As an attacker through and through, I still remembered the confusion I had when hearing the term LSM the first time. This is yet another common term you hear lacrosse coaches and players use, so let’s find out what is LSM in lacrosse.
LSM stands for long stick midfielder (or middie). There will be one LSM on every team. They plan a vital role in circumstances like the transition from offense to defense and faceoffs. When the transition happens, teams will quickly substitute in the LSM with a short stick middie. During faceoffs, LSM is responsible for groundballs.
Arguably, LSM is the most exciting and challenging position in lacrosse. In this post, we will unpack everything you need to know about this position such as the main tasks, responsibilities and how you could get better at LSM.
Introduction to LSM
In this post, I explore further the topic of how many long stick players there are. Since there can only be 4 long sticks at a time, the fourth long stick player along with the other three defensive long poles creates a defensive advantage over the opponents.
However, in order to differentiate the long stick midfielder from the defenders, players and coaches adopt the abbreviation “LSM” for easier communication and strategy planning.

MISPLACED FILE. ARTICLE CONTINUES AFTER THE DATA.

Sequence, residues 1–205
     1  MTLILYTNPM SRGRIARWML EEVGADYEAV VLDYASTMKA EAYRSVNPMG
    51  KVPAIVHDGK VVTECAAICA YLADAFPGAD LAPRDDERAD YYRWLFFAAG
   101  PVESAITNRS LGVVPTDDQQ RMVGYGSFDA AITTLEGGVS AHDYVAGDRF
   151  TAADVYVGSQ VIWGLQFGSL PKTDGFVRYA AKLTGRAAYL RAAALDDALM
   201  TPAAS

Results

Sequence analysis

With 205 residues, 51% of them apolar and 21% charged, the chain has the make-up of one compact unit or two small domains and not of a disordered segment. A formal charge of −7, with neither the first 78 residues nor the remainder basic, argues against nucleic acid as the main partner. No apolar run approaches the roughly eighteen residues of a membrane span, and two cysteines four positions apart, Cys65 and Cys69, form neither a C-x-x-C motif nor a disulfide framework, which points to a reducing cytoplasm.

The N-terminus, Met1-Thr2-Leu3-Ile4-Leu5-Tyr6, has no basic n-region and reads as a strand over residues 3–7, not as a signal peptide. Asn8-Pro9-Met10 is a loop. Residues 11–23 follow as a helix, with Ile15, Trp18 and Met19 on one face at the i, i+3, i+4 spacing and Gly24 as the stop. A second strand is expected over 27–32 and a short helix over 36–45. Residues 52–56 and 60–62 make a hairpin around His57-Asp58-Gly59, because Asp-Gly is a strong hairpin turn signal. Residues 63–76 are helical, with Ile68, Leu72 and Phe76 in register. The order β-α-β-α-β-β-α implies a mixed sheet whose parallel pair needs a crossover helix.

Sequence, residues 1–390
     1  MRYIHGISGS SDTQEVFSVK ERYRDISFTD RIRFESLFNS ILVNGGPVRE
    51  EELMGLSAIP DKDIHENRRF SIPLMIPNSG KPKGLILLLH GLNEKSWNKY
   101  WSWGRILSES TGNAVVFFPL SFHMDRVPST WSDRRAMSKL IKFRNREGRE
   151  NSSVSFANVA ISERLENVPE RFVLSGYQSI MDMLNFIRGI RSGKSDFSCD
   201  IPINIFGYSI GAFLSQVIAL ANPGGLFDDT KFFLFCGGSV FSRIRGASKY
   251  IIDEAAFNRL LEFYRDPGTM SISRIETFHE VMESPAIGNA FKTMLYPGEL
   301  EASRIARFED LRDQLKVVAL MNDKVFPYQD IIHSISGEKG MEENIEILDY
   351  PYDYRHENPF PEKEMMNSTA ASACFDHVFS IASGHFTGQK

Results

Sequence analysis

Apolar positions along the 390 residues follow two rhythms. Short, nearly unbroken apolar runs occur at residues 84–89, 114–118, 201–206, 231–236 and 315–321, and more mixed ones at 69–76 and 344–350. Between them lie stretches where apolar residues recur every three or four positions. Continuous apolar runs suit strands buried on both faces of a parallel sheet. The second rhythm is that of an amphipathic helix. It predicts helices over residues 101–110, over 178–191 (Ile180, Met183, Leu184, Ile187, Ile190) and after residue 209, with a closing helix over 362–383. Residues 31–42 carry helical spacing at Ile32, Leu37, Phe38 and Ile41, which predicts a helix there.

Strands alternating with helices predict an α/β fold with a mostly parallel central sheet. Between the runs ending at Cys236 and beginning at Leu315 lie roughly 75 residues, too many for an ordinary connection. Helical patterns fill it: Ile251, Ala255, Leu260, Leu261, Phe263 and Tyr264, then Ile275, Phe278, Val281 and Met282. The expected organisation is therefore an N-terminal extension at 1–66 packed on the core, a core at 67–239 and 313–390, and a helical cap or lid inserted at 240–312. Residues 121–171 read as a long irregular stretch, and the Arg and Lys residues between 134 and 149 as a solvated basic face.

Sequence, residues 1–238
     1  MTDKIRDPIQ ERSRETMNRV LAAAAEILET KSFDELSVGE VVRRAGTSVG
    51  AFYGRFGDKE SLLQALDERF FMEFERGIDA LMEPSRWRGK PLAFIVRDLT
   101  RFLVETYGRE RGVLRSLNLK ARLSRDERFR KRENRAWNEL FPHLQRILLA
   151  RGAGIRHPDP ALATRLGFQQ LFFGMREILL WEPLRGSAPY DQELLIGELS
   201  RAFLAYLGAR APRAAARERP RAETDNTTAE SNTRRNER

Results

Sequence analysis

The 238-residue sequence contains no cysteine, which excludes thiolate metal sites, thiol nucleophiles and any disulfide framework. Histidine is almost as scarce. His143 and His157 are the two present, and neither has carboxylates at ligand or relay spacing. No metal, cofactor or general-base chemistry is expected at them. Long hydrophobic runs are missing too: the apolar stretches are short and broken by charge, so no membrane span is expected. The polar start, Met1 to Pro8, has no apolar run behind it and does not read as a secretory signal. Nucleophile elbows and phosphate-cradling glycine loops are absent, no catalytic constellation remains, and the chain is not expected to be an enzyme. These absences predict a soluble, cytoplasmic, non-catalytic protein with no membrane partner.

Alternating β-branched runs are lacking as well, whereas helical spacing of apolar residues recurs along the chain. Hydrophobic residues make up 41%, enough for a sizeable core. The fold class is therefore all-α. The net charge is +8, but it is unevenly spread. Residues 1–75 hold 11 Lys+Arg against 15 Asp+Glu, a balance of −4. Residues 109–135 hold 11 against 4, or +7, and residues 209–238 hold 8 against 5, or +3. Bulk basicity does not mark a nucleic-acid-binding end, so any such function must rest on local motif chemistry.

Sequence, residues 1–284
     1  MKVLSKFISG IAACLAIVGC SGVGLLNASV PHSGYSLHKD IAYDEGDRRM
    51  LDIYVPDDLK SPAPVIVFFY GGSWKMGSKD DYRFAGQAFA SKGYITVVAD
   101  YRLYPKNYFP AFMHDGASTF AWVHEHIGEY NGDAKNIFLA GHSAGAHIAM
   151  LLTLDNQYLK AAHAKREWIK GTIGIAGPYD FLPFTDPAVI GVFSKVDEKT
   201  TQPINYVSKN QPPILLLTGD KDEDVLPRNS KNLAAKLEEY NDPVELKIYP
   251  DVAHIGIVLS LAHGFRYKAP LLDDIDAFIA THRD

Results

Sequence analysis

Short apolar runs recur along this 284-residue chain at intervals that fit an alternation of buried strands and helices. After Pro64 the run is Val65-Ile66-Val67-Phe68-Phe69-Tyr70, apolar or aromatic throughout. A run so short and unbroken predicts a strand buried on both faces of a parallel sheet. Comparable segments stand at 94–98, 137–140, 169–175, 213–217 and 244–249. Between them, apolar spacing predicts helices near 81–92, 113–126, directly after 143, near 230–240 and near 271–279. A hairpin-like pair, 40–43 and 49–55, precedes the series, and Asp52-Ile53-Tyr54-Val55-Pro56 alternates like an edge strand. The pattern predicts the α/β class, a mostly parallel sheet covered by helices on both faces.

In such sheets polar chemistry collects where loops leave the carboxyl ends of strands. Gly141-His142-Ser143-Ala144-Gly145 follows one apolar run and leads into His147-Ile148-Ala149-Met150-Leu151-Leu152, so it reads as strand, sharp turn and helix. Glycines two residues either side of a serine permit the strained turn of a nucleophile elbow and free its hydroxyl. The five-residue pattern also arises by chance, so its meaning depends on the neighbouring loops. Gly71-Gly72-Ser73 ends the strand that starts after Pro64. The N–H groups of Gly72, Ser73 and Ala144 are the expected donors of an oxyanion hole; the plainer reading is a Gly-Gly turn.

In defense, communication is king. It’s the most effective tool to keep everyone on the same page and recover from lost positions. In addition, communication needs to be done fast. Since a split second is enough to make a difference in lacrosse, defenders will waste precious time yelling “long stick midfielder”.
The use of abbreviation perfectly solves this problem. For example, if a defender anticipates a rotation on the ball, he could quickly yell, “LSM, get ready!” Instead of “long stick midfielder, get ready!” By saving a half second it could very likely block a goal that otherwise would have gone into the net.
Moreover, having a unique and identifiable name makes it easy for coaches to do on field adjustments when LSM needs to substitute onto the field during transitions.
What does LSM do
As the only LSM on each team, there are a few unique responsibilities and tasks LSM has to do in order to carry out the defensive strategy.
First Line of Defense
The most important job of an LSM is to hold up against the opponent’s midfielders. Although there are 3 d poles waiting inside the defensive zone for turnover opportunities, the LSM needs to place pressure on the opponent midfielders early on, especially in transition. The earlier you poke holes in their offense, the better chances you have at winning the ball back.